"The world will never starve for want of wonders, but only for want of wonder." — G. K. Chesterton The thirty-nine short essays that make up Chesterton's delightful book are the result of "sitting still and letting marvels and adventures settle on him like flies." Actually, the aut... read more
Customers who bought this book also bought:
Our Editors also recommend:
The Coloured Lands: Fairy Stories, Comic Verse and Fantastic Pictures by G. K. Chesterton, G. K. Chesterton, Martin Gardner Featuring the author's early work and previously unpublished material, this volume abounds in fairy stories, comic verse, and satirical ballads — and best of all, Chesterton's distinctive color and black-and-white illustrations.
Orthodoxy by G. K. Chesterton Chesterton explains the values and ideals that constitute the foundation of Christianity, adopting an informal style in his scholarly arguments in favor of faith as an affirmation of human freedom.
Heretics by G. K. Chesterton Focusing on "heretics" — those who pride themselves in their superiority to conservative views — Chesterton appraises prominent figures from the literary and art worlds such as Kipling, Shaw, Wells, and Whistler.
Where Angels Fear to Tread by E. M. Forster Forster's early novel offers an intriguing contrast of English and Italian sensibilities. It recounts an Englishman's journey to Tuscany, where he attempts to rescue his brother's widow from an unsuitable romance.
The Chronicles of Clovis: Stories by Saki by Saki Renowned for his witty dialogue and macabre humor, Saki skewered the pretensions of the Edwardian age. These short stories showcase his mastery of comic repartee, recounting the escapades of an irreverent socialite.
The Ballad of the White Horse by G. K. Chesterton One of the last great epic poems, this ballad tells the tale of Alfred the Great's unlikely victory — with the assistance of the Virgin Mary — over Gunthrum and the Danes at the Battle of Ethandune.
St. Thomas Aquinas by G. K. Chesterton Chesterton's customary wit and engaging storytelling provide a brief but vivid profile. He focuses on the saint's life, rather than on theology, to illustrate Thomas's relevance to modern readers.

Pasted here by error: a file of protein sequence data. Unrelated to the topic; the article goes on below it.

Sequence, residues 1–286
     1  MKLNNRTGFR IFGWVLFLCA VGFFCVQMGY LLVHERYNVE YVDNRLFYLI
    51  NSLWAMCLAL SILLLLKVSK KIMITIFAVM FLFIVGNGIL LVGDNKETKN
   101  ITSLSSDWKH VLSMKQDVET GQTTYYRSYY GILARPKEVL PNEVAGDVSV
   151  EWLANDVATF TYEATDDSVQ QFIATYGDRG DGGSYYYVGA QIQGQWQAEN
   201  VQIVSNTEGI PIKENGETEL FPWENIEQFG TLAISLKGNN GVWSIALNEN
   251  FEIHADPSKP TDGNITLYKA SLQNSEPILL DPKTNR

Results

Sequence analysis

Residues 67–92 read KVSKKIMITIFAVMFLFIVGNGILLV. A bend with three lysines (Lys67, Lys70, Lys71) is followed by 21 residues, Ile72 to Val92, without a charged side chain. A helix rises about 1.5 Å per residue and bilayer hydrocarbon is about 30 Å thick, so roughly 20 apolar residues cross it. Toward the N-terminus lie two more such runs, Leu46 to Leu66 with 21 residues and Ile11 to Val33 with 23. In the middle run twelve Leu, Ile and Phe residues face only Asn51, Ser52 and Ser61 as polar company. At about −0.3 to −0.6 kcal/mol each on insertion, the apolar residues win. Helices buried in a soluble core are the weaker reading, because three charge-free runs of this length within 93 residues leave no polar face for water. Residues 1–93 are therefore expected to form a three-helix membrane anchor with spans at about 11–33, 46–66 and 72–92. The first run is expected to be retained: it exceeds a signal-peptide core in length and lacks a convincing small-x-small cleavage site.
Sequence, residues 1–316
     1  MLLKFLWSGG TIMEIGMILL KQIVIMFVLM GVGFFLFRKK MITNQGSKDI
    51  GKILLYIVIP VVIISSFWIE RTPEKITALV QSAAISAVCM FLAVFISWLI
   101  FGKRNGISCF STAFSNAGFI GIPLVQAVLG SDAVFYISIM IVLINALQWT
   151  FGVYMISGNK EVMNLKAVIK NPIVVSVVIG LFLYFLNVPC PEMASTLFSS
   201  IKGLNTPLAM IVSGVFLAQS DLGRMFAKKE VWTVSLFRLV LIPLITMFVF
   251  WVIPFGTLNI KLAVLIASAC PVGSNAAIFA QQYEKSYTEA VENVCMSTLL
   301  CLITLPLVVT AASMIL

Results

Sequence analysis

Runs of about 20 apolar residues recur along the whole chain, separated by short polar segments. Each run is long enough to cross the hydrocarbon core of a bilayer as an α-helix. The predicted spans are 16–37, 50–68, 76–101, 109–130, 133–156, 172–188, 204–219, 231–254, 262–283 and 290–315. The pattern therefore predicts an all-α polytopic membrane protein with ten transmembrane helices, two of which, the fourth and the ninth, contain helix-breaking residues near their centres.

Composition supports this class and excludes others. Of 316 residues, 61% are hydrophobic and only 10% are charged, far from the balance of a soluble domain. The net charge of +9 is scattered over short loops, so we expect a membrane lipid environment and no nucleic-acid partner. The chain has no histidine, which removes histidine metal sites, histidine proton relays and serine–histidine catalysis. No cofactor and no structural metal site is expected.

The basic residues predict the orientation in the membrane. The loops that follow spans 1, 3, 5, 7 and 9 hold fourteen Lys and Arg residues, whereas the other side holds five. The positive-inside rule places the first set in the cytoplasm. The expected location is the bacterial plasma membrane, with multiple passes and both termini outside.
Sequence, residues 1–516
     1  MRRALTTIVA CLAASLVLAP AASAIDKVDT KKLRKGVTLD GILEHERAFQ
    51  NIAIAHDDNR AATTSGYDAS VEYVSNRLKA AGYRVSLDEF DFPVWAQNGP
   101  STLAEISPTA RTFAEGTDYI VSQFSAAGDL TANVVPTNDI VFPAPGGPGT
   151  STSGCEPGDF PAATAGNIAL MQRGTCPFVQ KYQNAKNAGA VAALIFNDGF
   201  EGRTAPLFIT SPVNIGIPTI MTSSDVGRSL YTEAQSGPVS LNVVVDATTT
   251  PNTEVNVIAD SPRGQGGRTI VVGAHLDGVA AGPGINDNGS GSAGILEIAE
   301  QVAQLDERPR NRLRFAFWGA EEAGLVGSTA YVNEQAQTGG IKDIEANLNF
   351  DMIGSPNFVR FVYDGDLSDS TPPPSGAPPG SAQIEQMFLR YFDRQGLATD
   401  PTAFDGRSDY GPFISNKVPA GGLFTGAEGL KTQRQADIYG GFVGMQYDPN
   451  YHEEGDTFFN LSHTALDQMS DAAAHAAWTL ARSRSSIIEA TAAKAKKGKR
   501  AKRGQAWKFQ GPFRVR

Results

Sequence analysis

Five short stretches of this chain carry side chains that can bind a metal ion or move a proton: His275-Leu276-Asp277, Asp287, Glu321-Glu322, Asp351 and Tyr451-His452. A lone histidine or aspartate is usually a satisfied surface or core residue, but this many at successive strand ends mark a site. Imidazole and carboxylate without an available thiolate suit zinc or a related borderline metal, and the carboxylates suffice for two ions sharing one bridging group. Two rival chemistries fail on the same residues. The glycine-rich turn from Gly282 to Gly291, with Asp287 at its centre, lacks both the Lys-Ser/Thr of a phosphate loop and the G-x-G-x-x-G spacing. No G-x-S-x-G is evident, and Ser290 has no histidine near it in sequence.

The Man Who Knew Too Much by G. K. Chesterton These 8 tales by the creator of detective-priest Father Brown trace the activities of Horne Fisher, who investigates crime amid upper-crust society in pre–World War I Britain. "Dazzlingly executed and richly atmospheric." — The Armchair Detective.
St. Francis of Assisi by G. K. Chesterton This accessible spiritual biography by a phenomenally popular author chronicles the beloved saint's calling, order, and influence. Its charm and wit will appeal to even the most secular-minded readers.
The Everlasting Man by G. K. Chesterton Chesterton's view of Christianity — as a blend of philosophy and mythology, satisfying intellect and spirit — applies to his brilliant book, which appeals to readers' heads as well as their hearts.
What's Wrong with the World by G. K. Chesterton Chesterton's style is light and humorous — but also deadly serious and philosophical — as he provides witty commentary on feminism, education, family, and other timeless topics.
Three Men in a Boat: (To Say Nothing of the Dog) by Jerome K. Jerome Jerome's comic masterpiece — and one of the best-known classics of English humor — follows the misadventures of 3 bungling, Victorian-era bachelors on a rowing excursion up the Thames.
The Flying Inn by G. K. Chesterton Hilarious romp in which pub owner Humphrey Hump and friend take to the road in a donkey cart filled with rum and cheese, inveighing against Prohibition and other "oppressive forms of modernity."